It's difficult to say which aspect of this amp got the most positive comments in customer reviews because everything from its tone to how well it performs when putting guitar and vocals through it simultaneously, and of course the value for money, are constantly praised in owner reviews. Both steel string and nylon string players love this amp. There are reports of the amp working well in small to medium size venues, as well as in church sanctuaries. It's also worth noting that the AS50D was released back in 2007, but it can still outperform more recent releases.

Cons

The second channel is a bit of a mess as it awkwardly combines the second Mic input with the RCA auxiliary input using a single volume control. Some users have had issues with not being able to make the aux loud enough compared to the other inputs. Also note that this amp is a bit on the heavy side.

Overall

With its big brand backing, impressive specs, and great overall feedback, the Marshall AS50D is well worth checking out.

Roland AC-60

94
GEARANK

94 out of 100. Incorporating 475+ ratings and reviews.

Street Price:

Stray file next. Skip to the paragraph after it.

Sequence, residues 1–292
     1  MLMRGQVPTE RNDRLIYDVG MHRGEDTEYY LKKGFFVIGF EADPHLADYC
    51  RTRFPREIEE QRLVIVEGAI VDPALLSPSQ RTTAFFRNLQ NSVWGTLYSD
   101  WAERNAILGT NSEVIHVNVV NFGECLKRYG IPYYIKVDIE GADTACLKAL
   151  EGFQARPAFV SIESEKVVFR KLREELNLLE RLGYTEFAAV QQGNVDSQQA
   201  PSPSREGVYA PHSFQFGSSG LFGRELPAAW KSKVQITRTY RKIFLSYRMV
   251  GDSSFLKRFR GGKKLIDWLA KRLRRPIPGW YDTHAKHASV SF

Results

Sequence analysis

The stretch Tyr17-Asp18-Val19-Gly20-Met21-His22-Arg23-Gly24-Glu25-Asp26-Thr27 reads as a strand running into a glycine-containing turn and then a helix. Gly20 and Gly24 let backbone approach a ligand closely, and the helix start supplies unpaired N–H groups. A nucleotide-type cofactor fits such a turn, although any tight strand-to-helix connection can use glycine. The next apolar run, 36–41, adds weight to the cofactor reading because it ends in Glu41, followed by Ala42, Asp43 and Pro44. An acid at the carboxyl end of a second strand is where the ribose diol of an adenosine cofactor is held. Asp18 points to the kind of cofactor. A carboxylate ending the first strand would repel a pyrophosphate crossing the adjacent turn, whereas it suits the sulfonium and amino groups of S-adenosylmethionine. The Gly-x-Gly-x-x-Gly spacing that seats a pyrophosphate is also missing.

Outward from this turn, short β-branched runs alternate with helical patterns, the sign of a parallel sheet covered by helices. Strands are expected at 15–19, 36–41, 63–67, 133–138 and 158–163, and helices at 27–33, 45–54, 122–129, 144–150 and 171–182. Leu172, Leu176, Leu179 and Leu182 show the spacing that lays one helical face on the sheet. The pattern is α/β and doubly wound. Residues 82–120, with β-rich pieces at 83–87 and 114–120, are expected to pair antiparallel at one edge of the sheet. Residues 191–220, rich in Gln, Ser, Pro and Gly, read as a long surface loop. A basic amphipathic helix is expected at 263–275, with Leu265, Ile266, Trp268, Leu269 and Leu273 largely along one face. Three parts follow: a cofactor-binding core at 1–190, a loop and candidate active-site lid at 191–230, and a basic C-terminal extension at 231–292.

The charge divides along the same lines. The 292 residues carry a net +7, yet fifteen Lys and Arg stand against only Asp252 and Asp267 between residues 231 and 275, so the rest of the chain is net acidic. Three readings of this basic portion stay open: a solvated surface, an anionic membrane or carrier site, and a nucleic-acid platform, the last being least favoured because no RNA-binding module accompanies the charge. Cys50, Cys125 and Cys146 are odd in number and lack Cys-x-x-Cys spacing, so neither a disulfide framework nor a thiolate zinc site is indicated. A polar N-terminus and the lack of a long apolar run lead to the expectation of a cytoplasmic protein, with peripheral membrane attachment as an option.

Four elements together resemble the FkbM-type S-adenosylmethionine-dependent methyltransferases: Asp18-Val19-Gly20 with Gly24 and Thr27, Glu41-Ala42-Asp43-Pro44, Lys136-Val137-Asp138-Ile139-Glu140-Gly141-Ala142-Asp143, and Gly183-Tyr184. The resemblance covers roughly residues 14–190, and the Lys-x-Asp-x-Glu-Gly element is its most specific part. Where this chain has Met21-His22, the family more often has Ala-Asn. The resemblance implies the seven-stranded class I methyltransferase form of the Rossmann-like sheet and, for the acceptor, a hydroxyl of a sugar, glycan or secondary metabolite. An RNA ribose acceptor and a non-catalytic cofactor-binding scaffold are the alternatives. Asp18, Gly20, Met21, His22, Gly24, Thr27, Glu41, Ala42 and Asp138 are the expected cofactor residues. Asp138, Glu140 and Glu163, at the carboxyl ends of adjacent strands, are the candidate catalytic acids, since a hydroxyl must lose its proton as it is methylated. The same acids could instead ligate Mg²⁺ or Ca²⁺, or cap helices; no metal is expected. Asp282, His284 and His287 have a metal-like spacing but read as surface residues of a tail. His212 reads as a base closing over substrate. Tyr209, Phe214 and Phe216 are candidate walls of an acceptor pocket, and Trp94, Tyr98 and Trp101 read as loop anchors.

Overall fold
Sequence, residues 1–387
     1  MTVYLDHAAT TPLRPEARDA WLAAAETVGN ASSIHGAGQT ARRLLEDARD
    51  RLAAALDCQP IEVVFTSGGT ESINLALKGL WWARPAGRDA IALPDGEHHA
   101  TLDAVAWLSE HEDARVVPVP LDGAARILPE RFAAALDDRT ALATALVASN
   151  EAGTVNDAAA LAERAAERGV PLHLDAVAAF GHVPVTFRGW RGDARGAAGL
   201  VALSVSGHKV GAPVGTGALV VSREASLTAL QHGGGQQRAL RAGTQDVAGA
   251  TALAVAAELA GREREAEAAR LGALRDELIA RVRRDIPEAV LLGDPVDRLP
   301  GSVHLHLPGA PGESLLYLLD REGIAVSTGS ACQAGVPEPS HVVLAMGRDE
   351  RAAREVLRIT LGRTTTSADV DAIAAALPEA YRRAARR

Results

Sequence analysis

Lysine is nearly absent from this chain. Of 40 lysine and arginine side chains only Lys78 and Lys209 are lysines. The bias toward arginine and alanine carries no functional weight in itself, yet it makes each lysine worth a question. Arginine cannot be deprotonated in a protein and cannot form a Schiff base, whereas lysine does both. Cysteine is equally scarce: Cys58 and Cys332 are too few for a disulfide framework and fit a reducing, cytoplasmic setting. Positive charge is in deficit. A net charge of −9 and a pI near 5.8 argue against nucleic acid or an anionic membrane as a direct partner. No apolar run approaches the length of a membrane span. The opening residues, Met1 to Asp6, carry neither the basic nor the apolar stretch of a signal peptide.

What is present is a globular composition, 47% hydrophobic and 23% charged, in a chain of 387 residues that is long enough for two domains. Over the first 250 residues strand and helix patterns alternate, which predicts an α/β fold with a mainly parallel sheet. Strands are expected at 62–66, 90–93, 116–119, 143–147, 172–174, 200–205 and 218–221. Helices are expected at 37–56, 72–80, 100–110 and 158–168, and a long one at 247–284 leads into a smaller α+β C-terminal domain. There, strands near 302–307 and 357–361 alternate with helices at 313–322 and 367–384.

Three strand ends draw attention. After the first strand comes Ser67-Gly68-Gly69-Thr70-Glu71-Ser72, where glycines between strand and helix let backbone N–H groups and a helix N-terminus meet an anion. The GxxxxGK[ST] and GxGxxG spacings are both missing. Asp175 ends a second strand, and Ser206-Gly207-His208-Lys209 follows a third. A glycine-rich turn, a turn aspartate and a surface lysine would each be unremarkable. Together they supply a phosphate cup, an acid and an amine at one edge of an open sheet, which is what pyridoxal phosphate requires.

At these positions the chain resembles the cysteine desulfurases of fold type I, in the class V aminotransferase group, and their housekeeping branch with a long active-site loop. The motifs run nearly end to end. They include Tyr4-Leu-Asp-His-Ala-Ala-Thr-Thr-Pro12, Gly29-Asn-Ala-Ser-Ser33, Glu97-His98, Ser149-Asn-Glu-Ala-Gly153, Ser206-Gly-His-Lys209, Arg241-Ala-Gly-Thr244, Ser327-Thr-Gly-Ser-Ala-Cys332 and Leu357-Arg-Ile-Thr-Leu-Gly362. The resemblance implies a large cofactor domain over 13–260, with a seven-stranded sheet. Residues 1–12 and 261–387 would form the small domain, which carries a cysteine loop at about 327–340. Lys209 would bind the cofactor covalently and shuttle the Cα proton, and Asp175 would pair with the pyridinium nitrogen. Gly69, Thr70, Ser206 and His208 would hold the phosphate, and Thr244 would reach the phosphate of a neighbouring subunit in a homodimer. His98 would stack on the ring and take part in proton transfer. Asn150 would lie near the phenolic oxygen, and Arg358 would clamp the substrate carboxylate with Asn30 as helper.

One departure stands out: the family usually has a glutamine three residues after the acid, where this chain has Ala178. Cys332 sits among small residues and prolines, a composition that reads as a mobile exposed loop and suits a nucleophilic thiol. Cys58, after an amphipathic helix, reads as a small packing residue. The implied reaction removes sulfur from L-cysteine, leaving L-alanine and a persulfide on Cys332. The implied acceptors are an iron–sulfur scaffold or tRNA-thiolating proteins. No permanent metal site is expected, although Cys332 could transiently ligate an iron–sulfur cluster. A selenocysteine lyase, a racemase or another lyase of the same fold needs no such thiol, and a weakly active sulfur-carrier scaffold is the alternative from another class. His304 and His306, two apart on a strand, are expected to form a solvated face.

$580
Roland AC-60

This is a 2-channel stereo amp with a total of 60 watts power, one channel is for your instrument and the other is a Mic/Line channel.

While other amps skimp on their Mic channels, the AC-60 packs it with the same 3-band EQ along with a chorus button. This channel has a Mic/Line button and a phantom power switch, which expands your mic options. Other nifty features include reverb/delay, anti-feedback and a mute button.

It has a dedicated subwoofer out which means with the addition of a subwoofer this amp should produce a solid sound with an acoustic bass as well - some people also use subwoofers with this amp for regular guitar because they like the sound of it.

There is also an identical but rosewood colored version with the model number: AC-60RW on Amazon.com.

Dual XLR outs let you send a mono or stereo signal to a mixing console prior to the master volume when using the AC-60 as a stage monitor.

Features